Muyu - Religion and Expressive Culture

Today, most Muyu are Roman Catholics. In the past, their traditional religion included beliefs in divine and other supernatural beings, myths about the origin of the Muyu and their way of life, religious ceremonies, religious-medical practices, etc. There was no uniformity throughout the entire region, which is not surprising, considering the dispersed settlement patterns, the open structure of the lineage, the many trade contacts, the marriage system, and the individualistic way in which knowledge of the supernatural was transferred. Some traditional religious beliefs and practices are maintained beside the Christian beliefs and practices.

Religious Beliefs. The Roman Catholic version of the Christian religion was brought by West European (Dutch) missionaries with the help of Indonesian (Kaiese) catechists and schoolteachers. This gave a special character to the contents of the Christian message and practice, which did not replace the existing religion but added new ideas and practices to it. For the central Muyu, Komot is the most important Supernatural being. The myths tell how he arranged the life of the Muyu as it was. Komot has also great signifance for the hunt. An important myth for most of the Muyu is that about Kamberap, a primeval man from whom both the sacral pig and the regular domesticated pig originated. This myth explains that all the foreigners and their wealth originated from the Muyu area. In connection with these ideas the Muyu believe that the foreigners keep secret the way in which they get their knowledge and wealth. In several salvation movements (cargo cults) the Muyu tried with supernatural means to discover the secret and obtain the same wealth, knowledge, and position as the foreigners. These ideas are still present even if they do not find expression in salvation movements, though they probably did play a role in the decision to flee to Papua New Guinea in 1984. In addition to the Christian God, Supernatural beings of the traditional religion play a role in daily village life, including Komot and the spirits of deceased ancestors, especially those of rich ones. They help if the Muyu live according to the rules and cause illness and death if the Muyu break the rules.

Religious Practitioners. There were no traditional Religious specialists. The ceremonies, such as the slaughtering of the sacral pig ( yawarawon ) and the initiation of boys with the swinging of the bullroarer ( mulin ) and the playing of the sacral flutes ( konkomok ) can be arranged by any adult. Knowledge about the supernatural is transferred in an Individualistic way from father to son and mother to daughter. Magic stones or formulas can also be bought from other People. Roman Catholic religion is taught by the catechists, schoolteachers, and priests, who also organize and lead the ceremonies. Most of the catechists and some of the schoolteachers are Muyu. Priests are either Dutch settlers or Indonesians from other islands.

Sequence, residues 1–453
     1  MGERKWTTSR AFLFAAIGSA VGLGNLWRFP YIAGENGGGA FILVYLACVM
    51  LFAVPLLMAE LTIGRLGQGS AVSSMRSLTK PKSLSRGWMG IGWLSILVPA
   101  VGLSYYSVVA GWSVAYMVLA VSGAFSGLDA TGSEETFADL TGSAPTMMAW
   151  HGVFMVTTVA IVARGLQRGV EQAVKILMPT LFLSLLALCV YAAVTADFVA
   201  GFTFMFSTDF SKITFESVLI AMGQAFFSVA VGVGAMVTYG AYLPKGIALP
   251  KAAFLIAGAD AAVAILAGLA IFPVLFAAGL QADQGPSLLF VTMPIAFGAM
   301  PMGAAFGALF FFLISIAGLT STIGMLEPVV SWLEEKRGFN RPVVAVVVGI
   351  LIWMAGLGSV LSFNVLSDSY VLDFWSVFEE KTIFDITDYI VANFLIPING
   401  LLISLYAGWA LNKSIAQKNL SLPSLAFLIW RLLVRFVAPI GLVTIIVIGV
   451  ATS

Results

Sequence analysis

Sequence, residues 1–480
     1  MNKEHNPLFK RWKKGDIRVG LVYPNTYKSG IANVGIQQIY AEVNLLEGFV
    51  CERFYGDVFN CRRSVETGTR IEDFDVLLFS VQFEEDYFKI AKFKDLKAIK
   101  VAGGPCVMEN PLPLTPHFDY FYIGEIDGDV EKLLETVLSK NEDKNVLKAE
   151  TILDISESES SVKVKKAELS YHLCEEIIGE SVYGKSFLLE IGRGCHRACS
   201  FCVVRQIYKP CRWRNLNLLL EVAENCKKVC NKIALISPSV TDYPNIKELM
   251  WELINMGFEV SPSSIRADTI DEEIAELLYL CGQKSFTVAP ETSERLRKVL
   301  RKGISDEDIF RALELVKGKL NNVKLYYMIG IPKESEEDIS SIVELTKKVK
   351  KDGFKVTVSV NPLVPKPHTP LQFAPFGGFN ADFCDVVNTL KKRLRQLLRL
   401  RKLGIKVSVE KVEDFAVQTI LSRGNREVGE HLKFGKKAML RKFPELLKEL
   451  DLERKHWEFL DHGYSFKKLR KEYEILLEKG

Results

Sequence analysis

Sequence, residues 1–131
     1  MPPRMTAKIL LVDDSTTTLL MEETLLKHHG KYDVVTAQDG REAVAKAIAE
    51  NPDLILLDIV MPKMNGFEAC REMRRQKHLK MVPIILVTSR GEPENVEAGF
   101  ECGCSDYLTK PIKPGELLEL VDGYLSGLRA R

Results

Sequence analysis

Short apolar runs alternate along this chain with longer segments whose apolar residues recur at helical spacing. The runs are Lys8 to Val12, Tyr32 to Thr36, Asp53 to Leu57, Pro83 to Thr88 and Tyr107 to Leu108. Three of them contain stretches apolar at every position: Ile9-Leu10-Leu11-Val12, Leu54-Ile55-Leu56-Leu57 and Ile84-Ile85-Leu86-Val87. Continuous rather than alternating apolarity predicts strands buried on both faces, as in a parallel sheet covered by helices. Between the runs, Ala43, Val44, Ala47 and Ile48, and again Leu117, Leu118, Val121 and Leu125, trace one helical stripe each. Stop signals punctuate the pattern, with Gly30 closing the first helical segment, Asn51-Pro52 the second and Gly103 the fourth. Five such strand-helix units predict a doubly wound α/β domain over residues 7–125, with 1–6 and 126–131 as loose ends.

Ceremonies. The Roman Catholic church follows the church calendar, though in remote villages not all the Ceremonies are always held, as the priests can only visit the Villages once every several months. Traditional ceremonies are still held, such as those for the pig feasts, the boys' initiations, and certain illnesses.

Arts. The Muyu culture is not artistically rich. Material objects include the short hand drums with some decoration and the big shields from behind which the warriors could shoot their arrows. They also have songs and dances, which are not yet described.

Medicine. Several cures are based on the idea that the spirits of deceased ancestors ( tawat ) have caused the diseases. No cures are known for diseases inflicted by sorcery. These afflictions will cease only if the person who applied the means ( mitim ) retrieves it from the position in which he placed it to cause the disease. Through the missionaries and the government, modern medicines were introduced, especially in the modest hospital at Mindiptana.

Death and Afterlife. As soon as someone dies, his next of kin are informed, even if they live in other settlements. If they don't live too far away, they will come to view the deceased, and the women will take part in the lamentations. To express sorrow one may try also to avoid being suspected of causing death. In former times the body could be buried, dried over a fire, or wrapped and left to dry by itself. In the latter case the body was usually laid on a rack near the dwelling. After some time, when there was an occasion during a pig feast, the bones were rubbed with pig's fat and buried. Today, the bodies are only buried under pressure from the government. The reason behind the more extensive treatment of the body was not just love for the deceased but also fear of his tawat. If the spirit is not satisfied, there will be harmful consequences for pig raising and horticulture. In traditional religious beliefs the spirits of the deceased went to a special dwelling place for tawat, a settlement like those of the living but with a carefree existence. In general the idea of the dwelling place of the dead was not important to the Muyu. Far more significant was, and is, the idea that the spirits continue to play an important part in the daily lives of the living. The Christian ideas of Heaven and Hell are now also playing a role, though it is not yet clear which ideas are predominant. Today, the Roman Catholic burial Ceremonies are used if a catechist, school teacher, or priest is available.

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